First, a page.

There are few studies in the medical literature that indicate that mortality risk is actually reduced by weight loss, and there are some that suggest that weight loss increases the risk of death. In an American Cancer Society prospective survey of over 1 million people, individuals indicating that they had lost weight in the past 5 years were more likely to die from cardiovascular disease than those whose weight was stable. In a 10 year follow-up of men who were asked their weight at age 25, Rhoads and Kagen reported that heavy respondents who had later lost weight had almost twice as high a death rate as those who maintained a high but stable weight. Moreover, those with a high but stable weight had the same or lower death rate as thinner men. [...] Although weight change was unrelated to mortality for women in the Wilkosky et al. study, the odds ratio… for men indicated that each 10% loss of weight was associated with a 14% increase in all-causes mortality and a 27% increase in cancer mortality.
Finally, in a study of mortality risks among 16,936 Harvard alumni, Paffenbager at al. not only found that the highest mortality occurred in those with the lowest body mass index (below 32), but also that those who had gained weight since college had a significantly lower mortality risk compared to those who had minimal weight gain since college. According to the authors, “alumni with the lowest net gain since college had a 29% higher risk of death than their classmates that had gained the most.” Thus, even if one accepted the premise that obesity is a dangerous condition and weight reduction a realistic goal, it is an unproven hypothesis that weight reduction actually translates into increased longevity.
When you read that, you probably had the same reaction I first did, which is to wonder if the higher death rates associated with weight loss might be caused by unintentional weight loss among already sick people. Glenn Gaesser’s book reviews several studies that distinguished between unintentional and intentional weight loss. One study found that for overweight women with pre-existing health conditions (such as high blood pressure), even a very small weight loss – just a couple of pounds – decreased mortality. (There was no increased benefit in losing 20 or 30 pounds instead of just 2 or 3). A similar effect existed for diabetic men. For virtually all other groups, however, intentional weight loss either had no effect or led to increased mortality.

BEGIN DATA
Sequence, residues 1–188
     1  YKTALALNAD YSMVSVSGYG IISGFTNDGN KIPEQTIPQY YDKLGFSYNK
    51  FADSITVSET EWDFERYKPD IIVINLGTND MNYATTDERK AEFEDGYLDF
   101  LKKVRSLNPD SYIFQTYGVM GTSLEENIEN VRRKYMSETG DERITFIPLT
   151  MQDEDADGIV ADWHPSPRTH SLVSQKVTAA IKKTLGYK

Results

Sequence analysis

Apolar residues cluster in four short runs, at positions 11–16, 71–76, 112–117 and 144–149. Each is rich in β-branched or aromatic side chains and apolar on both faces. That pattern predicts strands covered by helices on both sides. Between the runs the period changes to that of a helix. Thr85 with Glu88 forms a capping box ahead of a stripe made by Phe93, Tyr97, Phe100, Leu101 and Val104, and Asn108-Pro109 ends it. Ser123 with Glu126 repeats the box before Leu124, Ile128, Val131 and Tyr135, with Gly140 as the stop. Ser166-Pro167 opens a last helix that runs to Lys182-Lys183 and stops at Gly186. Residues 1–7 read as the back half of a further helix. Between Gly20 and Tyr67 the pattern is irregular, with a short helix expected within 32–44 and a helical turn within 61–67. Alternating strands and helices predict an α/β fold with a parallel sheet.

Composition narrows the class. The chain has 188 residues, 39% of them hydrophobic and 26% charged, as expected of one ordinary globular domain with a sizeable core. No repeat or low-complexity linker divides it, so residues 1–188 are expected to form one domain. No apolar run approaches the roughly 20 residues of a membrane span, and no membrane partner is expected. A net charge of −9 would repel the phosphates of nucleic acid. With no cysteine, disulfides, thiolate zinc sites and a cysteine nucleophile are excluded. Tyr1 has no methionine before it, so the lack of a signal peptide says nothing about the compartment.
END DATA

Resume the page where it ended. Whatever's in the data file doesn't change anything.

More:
Among the two-thirds of the study participants who were healthy to begin with, intentional weight loss was anything but good. For example, compared with healthy, overweight women who remained weight stable, women who intentionally lost between one and nineteen pounds over a period of a year or more had premature death ates from cancer, cardiovascular disease, and all causes that were increase by as much as 40 to 70 percent. Unintentional weight gain, on the other hand, had no adverse effects on premature death rates for these nonsmoking, “overweight” women. These findings suggest that if you are overweight and have no health problems, you are probably better off staying at that weight (and not worrying if you gain a few pounds) rather than dieting to conform to some height-weight table “ideal.”
It’s worth noting that the negative effects of weight loss seem to exist regardless of if the weight is regained or not.
I would be remiss not to mention the dangers associated with yo-yo dieting. Too many Americans – especially fat Americans – will lose weight a few times in their lifetime, and then regain. This is referred to as “yo-yo” dieting, and it’s both common and dangerous. (Many yo-yo dieters may not think of themselves as yo-yo dieters, since there may be years between each cycle of loss and gain.) According to Case Western Reserve University’s Paul Ernsberger:
Obese humans typically show repeated loss and regain of large amounts of weight. Men with large fluctuations in weight between the ages of 20 and 40 have increase systolic and diastolic blood pressure and cholesterol. these yo-yo dieters are two times more likely to die of coronary heart disease, even after adjustment for known risk factors, than are men with stable or steadily increasing weight. Fluctuations in body weight have been shown in many other major epidemiological studies to have deleterious cardiovascular effects resulting in increased mortality.
If you’d like to maximize your longevity, probably the best thing you can do is a program of moderate exercise. This may not cause any weight loss – but no matter what your weight, even moderate exercise is likely to increase your lifespan.
3. The Idea Of “Normalizing” Eating Habits Is A Myth
The case for weight loss dieting typically assumes that fat people are fat because they eat more and exercise less than thin people; that thin people, if they ate as much as fat people, would also be fat; and that if fat people only “normalized” their eating habits, they would be thin.
Under this model, fat people eat like fat people, and so need to “modify their lifestyle” to eat “normally,” after which they’ll lose weight.
But evidence indicates that all these assumptions may be false.
First, do fat people eat more than thin people? Study after study has attempted to show that fat people eat more calories, without success. It’s true that many fat people have lousy diets with too much fatty food – but the same is true of many thin people. And, anecdotally, I’ve met fat people who were extremely healthy eaters, and fat vegans. It doesn’t appear that fat people are “eating like fat people,” compared to how non-fat people eat, in any measurable way. From Garner and Wooley: